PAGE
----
UNITED STATES DISTRICT COURT FOR THE SOUTHERN DISTRICT OF NEW YORK
April 23, 1976
The PEOPLE OF the STATE OF NEW YORK, Respondent,
Robert TAYLOR, Petitioner
Edward Weinfeld, District Judge.
The opinion of the court was delivered by: WEINFELD
EDWARD WEINFELD, District Judge.
Robert Taylor, under indictment in the Supreme Court of the State of New York, Bronx County, for murder and for burglary in the second degree, removed the prosecution of his case to this court pursuant to 28 U.S.C., section 1443. His petition for removal alleges only that the state denied him "equal protection of the law and due process of law as defined by the Constitution of the United States of America in that after having been assigned counsel to represent [him] as an indigent person that said counsel was denied, after proper application, daily transcripts of the impending trial as an indigent person" by virtue of an administrative order of the Bronx Supreme Court, which provides that an indigent defendant is not entitled to daily transcripts during the course of trial, while, petitioner alleges, such transcripts are available to those who can afford to pay for them. The state now moves to remand the case to the state court pursuant to 28 U.S.C., section 1447(c).
Petitioner in effect seeks to overcome the force of Younger v. Harris1 and its progeny. Essentially, under our system of federalism, state court prosecutions should not be enjoined by or removed to the federal courts, absent express authorization. Beyond the broad principles of "equity, comity and federalism," which underlie the Supreme Court's decision in Younger, is the basic premise expressed later by the Court in Doran v. Salem Inn, Inc.2 "that state courts are fully competent to adjudicate constitutional claims, and therefore a federal court should, in all but the most exceptional circumstances, refuse to interfere with an ongoing state criminal proceeding."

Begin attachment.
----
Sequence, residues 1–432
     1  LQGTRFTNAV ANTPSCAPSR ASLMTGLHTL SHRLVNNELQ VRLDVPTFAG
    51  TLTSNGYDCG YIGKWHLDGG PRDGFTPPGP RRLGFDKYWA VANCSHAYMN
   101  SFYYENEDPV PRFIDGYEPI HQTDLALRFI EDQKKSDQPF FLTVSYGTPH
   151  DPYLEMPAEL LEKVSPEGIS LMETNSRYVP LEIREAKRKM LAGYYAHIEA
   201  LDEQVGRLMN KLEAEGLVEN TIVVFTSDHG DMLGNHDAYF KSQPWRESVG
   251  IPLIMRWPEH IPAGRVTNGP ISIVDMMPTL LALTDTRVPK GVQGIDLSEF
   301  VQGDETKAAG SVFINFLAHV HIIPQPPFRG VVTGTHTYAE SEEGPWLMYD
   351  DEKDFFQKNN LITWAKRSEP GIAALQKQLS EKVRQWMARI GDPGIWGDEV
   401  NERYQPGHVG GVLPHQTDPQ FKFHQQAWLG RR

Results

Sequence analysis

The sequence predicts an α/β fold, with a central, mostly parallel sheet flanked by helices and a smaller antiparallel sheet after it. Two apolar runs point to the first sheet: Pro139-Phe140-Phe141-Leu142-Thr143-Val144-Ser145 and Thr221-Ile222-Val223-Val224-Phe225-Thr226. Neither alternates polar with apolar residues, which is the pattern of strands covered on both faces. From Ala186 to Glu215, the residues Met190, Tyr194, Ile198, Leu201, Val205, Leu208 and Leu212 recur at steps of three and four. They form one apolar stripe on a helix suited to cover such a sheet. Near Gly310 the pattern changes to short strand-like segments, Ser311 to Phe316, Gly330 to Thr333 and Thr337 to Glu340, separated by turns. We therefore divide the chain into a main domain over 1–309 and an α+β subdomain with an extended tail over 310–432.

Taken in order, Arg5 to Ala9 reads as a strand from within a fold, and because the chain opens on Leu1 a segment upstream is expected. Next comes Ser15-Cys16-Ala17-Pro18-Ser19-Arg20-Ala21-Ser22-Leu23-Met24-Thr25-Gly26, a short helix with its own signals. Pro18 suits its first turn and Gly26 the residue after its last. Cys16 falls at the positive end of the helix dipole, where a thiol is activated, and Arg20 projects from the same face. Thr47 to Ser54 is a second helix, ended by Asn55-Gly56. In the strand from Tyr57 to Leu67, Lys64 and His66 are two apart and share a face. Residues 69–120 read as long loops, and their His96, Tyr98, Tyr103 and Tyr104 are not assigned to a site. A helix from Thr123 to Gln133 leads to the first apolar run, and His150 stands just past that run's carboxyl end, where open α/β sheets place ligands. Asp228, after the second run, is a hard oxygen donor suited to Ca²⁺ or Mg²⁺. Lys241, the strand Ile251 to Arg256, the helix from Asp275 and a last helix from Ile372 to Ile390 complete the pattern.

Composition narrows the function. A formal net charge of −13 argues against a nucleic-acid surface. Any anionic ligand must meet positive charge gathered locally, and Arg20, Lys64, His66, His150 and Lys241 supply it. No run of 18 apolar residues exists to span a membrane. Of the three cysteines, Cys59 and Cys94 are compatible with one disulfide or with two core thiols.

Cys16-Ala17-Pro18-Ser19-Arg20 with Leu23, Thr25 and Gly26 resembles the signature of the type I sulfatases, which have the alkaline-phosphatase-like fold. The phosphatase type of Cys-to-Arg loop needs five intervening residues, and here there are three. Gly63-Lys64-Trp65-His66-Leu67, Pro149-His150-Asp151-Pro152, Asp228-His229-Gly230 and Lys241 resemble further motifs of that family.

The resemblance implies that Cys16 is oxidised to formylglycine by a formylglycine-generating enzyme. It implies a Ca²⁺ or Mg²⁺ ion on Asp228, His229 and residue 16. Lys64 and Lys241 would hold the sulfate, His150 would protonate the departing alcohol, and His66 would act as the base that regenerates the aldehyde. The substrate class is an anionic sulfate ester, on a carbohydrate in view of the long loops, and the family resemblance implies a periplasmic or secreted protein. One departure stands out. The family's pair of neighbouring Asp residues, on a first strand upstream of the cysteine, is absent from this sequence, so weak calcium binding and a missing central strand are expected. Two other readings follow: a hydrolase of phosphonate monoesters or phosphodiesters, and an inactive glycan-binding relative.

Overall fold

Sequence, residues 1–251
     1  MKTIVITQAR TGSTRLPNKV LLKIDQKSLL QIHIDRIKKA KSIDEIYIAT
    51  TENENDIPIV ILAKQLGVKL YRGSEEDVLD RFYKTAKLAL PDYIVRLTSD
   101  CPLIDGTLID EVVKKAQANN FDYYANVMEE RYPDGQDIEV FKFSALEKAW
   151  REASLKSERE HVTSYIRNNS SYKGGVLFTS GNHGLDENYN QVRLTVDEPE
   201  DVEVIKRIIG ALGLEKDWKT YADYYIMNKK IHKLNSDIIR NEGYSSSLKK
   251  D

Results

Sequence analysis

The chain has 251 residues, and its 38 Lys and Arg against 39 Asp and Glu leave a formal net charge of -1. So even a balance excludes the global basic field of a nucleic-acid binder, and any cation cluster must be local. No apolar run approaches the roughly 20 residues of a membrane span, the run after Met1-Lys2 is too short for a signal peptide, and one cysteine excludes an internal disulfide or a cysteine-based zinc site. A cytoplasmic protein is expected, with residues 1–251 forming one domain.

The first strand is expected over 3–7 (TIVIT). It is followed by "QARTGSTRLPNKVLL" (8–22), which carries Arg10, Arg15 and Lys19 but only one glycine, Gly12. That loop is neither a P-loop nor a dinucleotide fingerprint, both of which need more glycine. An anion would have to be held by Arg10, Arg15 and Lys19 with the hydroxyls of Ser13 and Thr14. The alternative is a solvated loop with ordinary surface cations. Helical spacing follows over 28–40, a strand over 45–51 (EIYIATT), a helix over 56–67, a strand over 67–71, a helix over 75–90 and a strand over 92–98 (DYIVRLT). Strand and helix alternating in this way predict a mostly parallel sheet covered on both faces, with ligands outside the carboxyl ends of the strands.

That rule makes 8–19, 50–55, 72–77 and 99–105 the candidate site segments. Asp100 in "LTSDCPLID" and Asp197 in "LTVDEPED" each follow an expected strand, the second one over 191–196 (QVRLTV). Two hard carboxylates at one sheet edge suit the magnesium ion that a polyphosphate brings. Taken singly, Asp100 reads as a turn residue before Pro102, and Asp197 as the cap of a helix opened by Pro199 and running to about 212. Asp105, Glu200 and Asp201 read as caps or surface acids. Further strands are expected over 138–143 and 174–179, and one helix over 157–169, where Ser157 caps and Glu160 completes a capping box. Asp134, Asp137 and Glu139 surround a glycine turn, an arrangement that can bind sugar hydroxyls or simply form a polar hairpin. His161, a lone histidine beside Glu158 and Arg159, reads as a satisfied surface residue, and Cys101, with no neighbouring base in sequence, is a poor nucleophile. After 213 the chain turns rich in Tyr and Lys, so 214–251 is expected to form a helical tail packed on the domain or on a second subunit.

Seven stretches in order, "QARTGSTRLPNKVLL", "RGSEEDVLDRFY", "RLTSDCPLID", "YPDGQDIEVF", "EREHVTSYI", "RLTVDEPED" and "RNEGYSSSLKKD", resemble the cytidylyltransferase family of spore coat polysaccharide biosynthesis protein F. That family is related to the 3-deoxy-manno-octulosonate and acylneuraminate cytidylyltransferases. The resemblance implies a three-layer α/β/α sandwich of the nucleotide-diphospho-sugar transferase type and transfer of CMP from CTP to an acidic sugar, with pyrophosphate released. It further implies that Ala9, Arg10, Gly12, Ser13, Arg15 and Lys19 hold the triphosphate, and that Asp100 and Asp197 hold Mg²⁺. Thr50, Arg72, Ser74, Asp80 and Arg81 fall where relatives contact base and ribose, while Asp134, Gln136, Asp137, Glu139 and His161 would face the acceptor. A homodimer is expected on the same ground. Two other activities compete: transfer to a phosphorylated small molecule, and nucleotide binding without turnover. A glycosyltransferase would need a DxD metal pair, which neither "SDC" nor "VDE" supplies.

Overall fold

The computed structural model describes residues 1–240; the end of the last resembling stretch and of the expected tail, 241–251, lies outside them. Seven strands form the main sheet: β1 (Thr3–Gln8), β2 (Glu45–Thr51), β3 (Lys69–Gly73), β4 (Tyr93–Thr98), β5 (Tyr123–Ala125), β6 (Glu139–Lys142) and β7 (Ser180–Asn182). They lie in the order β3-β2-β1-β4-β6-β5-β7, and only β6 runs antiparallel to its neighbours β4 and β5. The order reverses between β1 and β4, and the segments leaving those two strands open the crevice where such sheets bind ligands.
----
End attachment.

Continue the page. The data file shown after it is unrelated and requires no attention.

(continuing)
Petitioner, recognizing that the right of removal under 28 U.S.C., section 1443 is severely restricted, argues that his situation meets the two-prong test stated by the Supreme Court in Georgia v. Rachel.3 The Court there held that to effect removal under section 1443, a petitioner must show "both that the right upon which [he relies] is a 'right under any law providing for * * * equal civil rights,' and that [he is] 'denied or cannot enforce' that right in the [state] courts."
To satisfy the first criterion the petitioner must assert a cause of action under "a federal law 'providing for specific civil rights stated in terms of racial equality.'"
Plaintiff argues that he has met this stringent test upon a claim that his petition is grounded on 42 U.S.C., section 1981, which provides:
"All persons within the jurisdiction of the United States shall have the same right in every State and Territory to make and enforce contracts, to sue, be parties, give evidence, and to the full and equal benefit of all laws and proceedings for the security of persons and property as is enjoyed by white citizens . . ."
However, the administrative order of which petitioner complains is applicable without distinction as to race, color or religion to all indigent defendants. There is no showing that he is treated differently from white persons or that the order is invidiously discriminatory. It applies equally to all indigent defendants on trial in criminal cases.
Thus, petitioner does not state a cause of action under 42 U.S.C., section 1981 to warrant removal of his action to this court pursuant to 28 U.S.C., section 1443. Furthermore, he has failed to satisfy the second criterion for removal under section 1443 since he has not demonstrated that he is unable to fully enforce the constitutional rights he asserts in his petition in the state courts.
Accordingly, the state's motion to remand the action to the state court is granted.